Yes, Tony Blair was wrong. The bolstering of faith schools and the consequent upsetting of the delicate existing balance between them and society at large, I wrote in 2011, was always a rather suspect idea: not because religious people have not the right to educate their children as they like – they do, up to a point – but largely because of the dangerous precedents they set with regards to human rights in general, not least of children themselves.
At that time, Michael Gove’s allowance, that faith schools could insist on 100% of their teachers being of-the-faith, was already raising worrying questions about the interference of the state or, more troublingly still, a private-sector employer, in the rights of the individual to live their lives as they choose. But this, it now seems, was nothing compared to the knock-on effects that this appears to be triggering in such schools with regard to both discrimination, and wholesale interference in the lives of teachers.
Last week, the Catholic Bishops’ Conference of England and Wales published “guidance” which effectively allows Catholic schools to discipline, or dismiss, their workers for breach of Catholic teachings in their personal lives.
So, essentially, if you are a teacher in such a school living with someone to whom you are not married, remarried after a divorce or, heaven forbid, married in a registry office or a church of another denomination, your job could be on the line. And if you are in a long-term relationship with someone of the same sex, well, woe betide you.
But this is not an episode of Downton Abbey. It is here and now, in 2013. And it is also easy to have a knee-jerk liberal response of horror to these proposals, but probably more useful to try to explain logically why they are so wrong.
One: the state, or any other employer, has no right to tell its employees how they should live their personal lives in the comfort of their own home. End of. If this is not a basic principle of civilised human life, I don’t know what is.
Two: the ludicrous subjectivity by which the criteria are selected. Thus, if you are:
“maintaining a partnership of intimacy with another person, outside a form of marriage approved by the Church and which would, at least in the public forum, carry the presumption from their public behaviour of this being a non-chaste relationship”,
you are at risk. Who, we might reasonably demand, dammit, gets to decide what is and is not a “non-chaste relationship”; and what is one, anyway? Does kissing count? Petting? Or only full penetrative sex, with or without a condom? Presumably, the answer is that “the definition is whatever I say it is”. Such laxness of interpretation would not, rightly, be permitted, in a legal definition in any other area of employment or human rights law, but in these guidelines it is deemed perfectly acceptable.
Three: this is all, as far as any non-lawyer can reasonably guess, illegal. As the National Secular Society logically points out, this “harsh and unfair law drives a coach and horses through equality legislation”. This does not seem difficult to corroborate: among many other places, you can check this summary by the European Court of Human Rights here (Chapter 4 is a good place to start, as is p32 of the guidelines themselves).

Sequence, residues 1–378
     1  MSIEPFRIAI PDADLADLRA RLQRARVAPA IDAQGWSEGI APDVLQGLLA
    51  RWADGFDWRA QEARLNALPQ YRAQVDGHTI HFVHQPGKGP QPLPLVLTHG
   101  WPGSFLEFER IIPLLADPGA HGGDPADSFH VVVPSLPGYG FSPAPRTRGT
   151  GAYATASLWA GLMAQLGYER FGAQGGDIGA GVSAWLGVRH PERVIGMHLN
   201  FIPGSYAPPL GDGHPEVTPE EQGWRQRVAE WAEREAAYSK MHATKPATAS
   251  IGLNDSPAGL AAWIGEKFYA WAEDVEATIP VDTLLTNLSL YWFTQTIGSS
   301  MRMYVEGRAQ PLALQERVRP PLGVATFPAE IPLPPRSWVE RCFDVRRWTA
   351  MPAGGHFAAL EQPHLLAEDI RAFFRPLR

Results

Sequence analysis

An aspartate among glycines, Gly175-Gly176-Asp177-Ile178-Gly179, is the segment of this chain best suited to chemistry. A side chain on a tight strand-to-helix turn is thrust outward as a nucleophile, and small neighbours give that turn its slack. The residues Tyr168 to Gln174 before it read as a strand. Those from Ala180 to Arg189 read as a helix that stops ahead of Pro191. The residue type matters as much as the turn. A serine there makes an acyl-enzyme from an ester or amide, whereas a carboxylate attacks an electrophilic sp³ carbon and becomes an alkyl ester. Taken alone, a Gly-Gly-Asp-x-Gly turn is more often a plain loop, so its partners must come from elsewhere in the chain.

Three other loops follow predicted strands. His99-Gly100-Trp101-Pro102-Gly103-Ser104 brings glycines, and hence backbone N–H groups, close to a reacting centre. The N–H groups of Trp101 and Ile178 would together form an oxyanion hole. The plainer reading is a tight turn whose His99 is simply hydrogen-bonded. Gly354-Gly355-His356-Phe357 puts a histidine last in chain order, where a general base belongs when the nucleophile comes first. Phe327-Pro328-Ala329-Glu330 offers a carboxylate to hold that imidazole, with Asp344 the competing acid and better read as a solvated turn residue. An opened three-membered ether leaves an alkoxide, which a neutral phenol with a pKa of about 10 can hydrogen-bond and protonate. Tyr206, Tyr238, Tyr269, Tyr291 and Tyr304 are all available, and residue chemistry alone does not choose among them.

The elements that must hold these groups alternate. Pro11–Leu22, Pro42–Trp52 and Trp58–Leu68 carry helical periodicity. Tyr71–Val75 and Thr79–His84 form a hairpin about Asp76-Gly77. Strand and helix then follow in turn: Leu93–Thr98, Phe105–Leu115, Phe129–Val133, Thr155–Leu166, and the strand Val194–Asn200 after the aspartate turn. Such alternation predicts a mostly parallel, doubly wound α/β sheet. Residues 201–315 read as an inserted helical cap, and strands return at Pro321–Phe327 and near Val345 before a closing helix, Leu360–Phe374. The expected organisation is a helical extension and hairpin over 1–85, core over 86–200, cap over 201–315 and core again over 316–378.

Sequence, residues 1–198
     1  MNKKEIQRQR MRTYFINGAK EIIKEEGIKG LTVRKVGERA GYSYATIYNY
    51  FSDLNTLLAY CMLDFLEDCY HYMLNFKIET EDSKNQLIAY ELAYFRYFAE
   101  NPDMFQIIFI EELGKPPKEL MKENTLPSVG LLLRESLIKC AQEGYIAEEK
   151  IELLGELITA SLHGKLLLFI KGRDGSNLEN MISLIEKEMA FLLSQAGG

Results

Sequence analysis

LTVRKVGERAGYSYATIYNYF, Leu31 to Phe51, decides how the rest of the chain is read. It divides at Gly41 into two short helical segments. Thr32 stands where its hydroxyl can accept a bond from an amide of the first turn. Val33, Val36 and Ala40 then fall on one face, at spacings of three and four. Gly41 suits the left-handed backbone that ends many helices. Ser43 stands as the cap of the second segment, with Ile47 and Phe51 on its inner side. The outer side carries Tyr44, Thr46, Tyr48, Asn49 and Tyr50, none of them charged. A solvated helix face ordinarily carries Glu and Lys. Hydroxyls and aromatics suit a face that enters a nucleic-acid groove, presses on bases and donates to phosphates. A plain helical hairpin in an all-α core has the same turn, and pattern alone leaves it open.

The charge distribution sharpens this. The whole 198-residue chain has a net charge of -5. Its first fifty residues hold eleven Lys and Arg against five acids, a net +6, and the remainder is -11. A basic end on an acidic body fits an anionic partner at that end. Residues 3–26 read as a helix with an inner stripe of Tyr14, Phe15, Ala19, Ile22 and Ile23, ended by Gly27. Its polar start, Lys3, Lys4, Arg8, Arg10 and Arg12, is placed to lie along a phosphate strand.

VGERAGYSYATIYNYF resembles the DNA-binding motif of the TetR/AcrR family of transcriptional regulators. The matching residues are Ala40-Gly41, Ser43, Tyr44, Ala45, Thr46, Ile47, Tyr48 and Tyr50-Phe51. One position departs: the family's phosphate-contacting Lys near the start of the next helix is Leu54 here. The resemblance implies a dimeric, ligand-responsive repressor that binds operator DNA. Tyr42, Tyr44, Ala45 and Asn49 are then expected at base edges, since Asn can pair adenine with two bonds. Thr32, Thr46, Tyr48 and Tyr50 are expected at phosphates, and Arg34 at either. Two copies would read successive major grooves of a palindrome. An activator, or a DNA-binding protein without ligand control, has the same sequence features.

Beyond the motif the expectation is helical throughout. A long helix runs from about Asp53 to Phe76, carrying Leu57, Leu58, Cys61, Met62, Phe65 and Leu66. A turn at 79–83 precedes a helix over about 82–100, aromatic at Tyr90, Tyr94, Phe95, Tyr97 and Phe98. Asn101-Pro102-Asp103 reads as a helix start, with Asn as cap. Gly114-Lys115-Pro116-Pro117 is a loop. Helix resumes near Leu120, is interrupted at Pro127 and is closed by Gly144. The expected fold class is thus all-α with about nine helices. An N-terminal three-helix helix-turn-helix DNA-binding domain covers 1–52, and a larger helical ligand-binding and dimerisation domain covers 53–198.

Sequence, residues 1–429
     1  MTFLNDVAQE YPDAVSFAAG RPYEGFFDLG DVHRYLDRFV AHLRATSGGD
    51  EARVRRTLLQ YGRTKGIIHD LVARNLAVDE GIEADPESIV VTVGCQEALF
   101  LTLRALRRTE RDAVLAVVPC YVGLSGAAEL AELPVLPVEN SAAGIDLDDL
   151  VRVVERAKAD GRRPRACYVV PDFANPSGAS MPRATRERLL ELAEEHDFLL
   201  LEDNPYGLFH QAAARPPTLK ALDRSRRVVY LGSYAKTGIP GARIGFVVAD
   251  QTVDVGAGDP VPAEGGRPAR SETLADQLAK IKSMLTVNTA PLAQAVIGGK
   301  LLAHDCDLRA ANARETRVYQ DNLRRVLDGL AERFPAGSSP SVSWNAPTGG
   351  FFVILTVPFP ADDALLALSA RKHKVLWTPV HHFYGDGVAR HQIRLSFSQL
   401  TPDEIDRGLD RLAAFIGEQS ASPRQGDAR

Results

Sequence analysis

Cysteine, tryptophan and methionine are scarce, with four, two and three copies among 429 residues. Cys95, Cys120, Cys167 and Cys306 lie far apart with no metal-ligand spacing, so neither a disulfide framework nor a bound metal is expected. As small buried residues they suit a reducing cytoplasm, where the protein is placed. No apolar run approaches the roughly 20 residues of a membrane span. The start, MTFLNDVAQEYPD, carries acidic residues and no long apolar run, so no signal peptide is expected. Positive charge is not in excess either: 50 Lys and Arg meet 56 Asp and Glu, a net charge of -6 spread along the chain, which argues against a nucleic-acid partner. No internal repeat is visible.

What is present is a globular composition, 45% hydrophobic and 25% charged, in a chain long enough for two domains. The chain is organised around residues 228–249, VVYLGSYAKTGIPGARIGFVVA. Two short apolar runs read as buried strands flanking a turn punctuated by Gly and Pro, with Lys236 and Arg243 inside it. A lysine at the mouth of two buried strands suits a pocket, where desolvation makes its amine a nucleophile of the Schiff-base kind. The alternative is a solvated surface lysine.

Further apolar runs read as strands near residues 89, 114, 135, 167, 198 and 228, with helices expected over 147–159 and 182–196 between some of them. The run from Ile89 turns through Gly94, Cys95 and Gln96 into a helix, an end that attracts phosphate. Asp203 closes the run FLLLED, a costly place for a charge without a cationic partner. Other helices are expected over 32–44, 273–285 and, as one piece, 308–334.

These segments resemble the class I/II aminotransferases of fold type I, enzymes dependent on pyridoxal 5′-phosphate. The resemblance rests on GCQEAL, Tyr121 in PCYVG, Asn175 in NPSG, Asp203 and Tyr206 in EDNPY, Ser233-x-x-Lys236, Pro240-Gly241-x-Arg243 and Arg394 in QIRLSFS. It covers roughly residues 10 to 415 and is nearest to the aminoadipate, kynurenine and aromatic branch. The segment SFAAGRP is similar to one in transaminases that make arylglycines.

Four: it sets an awful precedent for other religions, the more repressive corners of which may be even less enlightened than the current manifestation of the Catholic Church. In a country where Sharia law, with its clearly regressive tendencies towards women and gay men, already has a growing presence, this can hardly be seen as a good sign.
Five. You can argue that if you don’t want to adhere to these guidelines, don’t sign up for a Catholic school: but that’s not really tenable, is it? You might as well put signs on the wall saying “no queers here” or “single mums need not apply”, sorry. Imagine if there were guidelines which prevented churches from hiring black people: it’s just wrong.
And there are surely more. Also, it is easy to present these arguments as anti-religious: they are not at all, they are simply pro-employment and pro-human rights. In fact, a measured and sensible approach would be that the status quo is a perfectly adequate system which permits Catholic education for those parents who wish it, without compromising the inalienable rights of other British citizens.
Because what we are effectively doing is granting the head teachers of faith schools the power to say, “my organisation is religious, therefore the normal rules of equality do not apply here”. It’s nonsense.
When I was a teenager, I saw how this all plays out. My former science teacher was hounded out of my old school by ignorant people who thought that “homosexuality” and “paedophilia” were interchangeable nouns. We should never go back there. And the Catholic Church, paradoxically, is not to blame: it is merely doing what churches do. No, this is behaviour which the present government has encouraged through the free hand it has given to faith schools, and its sloppiness on human and employment rights.
Whatever its motive, it is a dangerous politics for Britain, a nation previously known for its religious tolerance and live-and-let-live attitude. It is abhorrent with regard to human and employment rights. And it is quite probably illegal.